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Diet Safety

Safety while dieting is crucial. What good will a lean body do if it is at the cost of your health? Excessive exercise can lead to muscle weakness and injury. A diet high in certain food groups but missing others can lead to vitamin and mineral deficiency. As long as you are taking necessary precautions, you should find that dieting and exercise can lead to good health and a boost in self-confidence.

How do you know if your dieting plan is safe? Does the plan include all groups of foods? If a weight-loss plan excludes a whole group of foods (grains, fruits, vegetables, dairy), you are in real danger of deficiency in certain vitamins and minerals. Also, a lack of variety will make it hard to continue the plan in the long term. Remember that the changes you make to lose weight are the same changes that will maintain your hard-won weight loss. And yes, you will have to continue good eating habits to maintain weight loss.

Secondly, does the plan allow reasonable calorie levels? Most experts agree that women need at least 1,400 to 1,600 each day to maintain a healthy body; men require at least 1,800 to 2,000 calories. And even at those levels, it's almost impossible to obtain all nutrients from the diet. Eating at least 2,000 calories a day is a safe bet for everyone.

Clearly, people with health problems should contact their doctor to find out what types of diet and exercise will be appropriate for them. People with heart disease will often have head pain instead of chest pain. Like chest pains, cardiac headaches begin during exercise and subside when exercise stops. See a doctor for an exercise stress test if the pain of your "exercise headache" is severe, you normally don't get headaches unless you smoke, you're over age 50, or you have any risk factors for heart disease such as high blood pressure or a family history of heart disease.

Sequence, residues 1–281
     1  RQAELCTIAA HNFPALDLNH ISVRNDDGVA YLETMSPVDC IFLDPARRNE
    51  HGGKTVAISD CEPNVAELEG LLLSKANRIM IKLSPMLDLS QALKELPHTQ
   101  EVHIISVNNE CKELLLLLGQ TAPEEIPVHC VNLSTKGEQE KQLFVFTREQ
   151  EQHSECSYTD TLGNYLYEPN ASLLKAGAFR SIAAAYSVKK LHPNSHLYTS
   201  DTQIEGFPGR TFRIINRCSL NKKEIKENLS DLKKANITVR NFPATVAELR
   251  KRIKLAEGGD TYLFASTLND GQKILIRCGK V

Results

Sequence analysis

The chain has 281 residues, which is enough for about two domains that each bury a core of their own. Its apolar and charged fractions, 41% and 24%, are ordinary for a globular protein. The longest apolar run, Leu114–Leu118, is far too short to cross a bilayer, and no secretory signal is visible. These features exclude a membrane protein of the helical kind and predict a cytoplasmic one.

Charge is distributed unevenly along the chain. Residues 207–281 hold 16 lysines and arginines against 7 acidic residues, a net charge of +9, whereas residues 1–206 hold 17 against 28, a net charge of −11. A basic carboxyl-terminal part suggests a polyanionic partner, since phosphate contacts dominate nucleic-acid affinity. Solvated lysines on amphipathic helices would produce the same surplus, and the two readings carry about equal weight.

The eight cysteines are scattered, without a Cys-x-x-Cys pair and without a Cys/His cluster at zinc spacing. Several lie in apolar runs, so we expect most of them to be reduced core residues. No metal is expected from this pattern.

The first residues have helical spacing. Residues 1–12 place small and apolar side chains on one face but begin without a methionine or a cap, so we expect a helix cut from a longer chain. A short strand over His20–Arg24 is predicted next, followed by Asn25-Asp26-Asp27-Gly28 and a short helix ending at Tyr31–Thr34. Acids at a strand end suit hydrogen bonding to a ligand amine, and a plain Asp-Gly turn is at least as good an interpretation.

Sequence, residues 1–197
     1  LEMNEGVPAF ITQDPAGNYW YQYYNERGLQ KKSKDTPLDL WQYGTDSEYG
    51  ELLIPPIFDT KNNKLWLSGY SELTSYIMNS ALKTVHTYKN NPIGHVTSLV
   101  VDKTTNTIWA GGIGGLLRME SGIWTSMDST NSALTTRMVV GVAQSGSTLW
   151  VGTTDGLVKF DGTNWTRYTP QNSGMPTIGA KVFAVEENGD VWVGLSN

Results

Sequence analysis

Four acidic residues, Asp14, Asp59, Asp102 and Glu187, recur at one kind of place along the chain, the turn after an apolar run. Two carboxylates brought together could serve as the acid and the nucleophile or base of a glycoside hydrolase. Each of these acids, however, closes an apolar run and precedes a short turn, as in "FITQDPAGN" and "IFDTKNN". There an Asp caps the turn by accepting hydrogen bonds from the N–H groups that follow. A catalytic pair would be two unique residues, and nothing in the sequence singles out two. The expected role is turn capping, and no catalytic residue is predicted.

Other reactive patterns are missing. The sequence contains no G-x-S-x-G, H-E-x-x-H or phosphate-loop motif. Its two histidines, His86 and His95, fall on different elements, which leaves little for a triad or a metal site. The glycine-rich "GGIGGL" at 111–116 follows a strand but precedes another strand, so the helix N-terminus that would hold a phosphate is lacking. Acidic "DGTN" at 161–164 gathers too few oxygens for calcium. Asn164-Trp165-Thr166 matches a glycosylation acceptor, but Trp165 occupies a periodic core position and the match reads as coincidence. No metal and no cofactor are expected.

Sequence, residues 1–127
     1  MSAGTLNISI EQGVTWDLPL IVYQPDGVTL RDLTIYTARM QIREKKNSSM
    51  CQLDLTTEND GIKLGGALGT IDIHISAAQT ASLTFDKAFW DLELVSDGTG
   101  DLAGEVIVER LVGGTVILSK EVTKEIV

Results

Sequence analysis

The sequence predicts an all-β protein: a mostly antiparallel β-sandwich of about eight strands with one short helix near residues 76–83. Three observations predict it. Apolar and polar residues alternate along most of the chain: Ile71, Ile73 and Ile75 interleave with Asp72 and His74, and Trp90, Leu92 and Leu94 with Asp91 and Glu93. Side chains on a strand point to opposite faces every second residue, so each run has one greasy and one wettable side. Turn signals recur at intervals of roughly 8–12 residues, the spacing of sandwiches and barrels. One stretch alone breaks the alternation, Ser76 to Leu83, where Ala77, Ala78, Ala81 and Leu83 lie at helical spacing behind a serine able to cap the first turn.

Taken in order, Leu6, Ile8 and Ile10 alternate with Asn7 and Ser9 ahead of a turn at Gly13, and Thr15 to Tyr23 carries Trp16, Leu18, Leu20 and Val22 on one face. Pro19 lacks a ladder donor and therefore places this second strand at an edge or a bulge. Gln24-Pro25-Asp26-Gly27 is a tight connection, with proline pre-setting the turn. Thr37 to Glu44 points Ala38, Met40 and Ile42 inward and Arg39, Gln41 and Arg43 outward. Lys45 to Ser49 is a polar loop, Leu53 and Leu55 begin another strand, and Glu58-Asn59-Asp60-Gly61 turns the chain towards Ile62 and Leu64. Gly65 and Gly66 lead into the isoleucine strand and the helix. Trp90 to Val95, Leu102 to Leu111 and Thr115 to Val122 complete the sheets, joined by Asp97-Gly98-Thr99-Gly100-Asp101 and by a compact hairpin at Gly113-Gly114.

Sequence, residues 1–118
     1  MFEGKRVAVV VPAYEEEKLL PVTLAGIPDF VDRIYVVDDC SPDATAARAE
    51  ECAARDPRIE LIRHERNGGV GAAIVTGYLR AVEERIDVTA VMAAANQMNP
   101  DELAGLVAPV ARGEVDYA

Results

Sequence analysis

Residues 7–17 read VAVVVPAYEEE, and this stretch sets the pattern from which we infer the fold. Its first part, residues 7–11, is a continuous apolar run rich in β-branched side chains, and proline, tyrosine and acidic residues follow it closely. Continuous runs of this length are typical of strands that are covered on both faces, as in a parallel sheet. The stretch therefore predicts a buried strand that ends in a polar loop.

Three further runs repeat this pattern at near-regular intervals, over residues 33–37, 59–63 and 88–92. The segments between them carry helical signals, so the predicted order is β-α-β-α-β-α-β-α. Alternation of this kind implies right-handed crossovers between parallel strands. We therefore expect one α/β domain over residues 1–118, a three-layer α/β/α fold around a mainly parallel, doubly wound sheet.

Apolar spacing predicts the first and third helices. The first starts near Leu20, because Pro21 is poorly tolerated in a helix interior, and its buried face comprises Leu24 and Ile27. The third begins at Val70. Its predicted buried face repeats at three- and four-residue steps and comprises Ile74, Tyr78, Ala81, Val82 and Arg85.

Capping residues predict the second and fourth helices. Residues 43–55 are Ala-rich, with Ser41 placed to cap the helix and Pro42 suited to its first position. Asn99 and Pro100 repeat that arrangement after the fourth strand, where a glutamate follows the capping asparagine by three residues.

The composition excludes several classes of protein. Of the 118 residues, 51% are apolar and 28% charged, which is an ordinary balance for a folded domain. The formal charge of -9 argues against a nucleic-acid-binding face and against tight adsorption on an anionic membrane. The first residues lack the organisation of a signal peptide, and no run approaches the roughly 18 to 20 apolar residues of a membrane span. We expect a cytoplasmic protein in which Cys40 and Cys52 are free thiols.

Muscle Soreness with Exercise

There are two common kinds of exercise-related muscle soreness. The first is acute soreness, the kind that occurs during or immediately after exercise. This is the type of soreness caused by excess lactic acid flooding into your muscles. The discomfort usually subsides after a minute or two of rest. Once the soreness goes away, you can usually continue exercising without any residual effects. A second type of muscle soreness is delayed-onset muscle soreness (DOMS). It develops 12 hours or longer after exercise. DOMS is thought to be a result of microscopic tearing of the muscle fibers. The soreness you feel reaches its peak within two days after the activity and subsides over the next few days. A certain amount of DOMS is a reasonable and expected consequence of getting in shape; but if you are so sore that your legs buckle when you walk down stairs or you can barely lift a pencil, you have overdone it.


Basic Exercise Safety Tips

Before starting a strength training program, get a complete physical checkup. You might have to modify or avoid weightlifting if you have muscle or joint problems, seizure disorders, heart disease, high blood pressure, previous injuries or any other physical condition with potential for danger.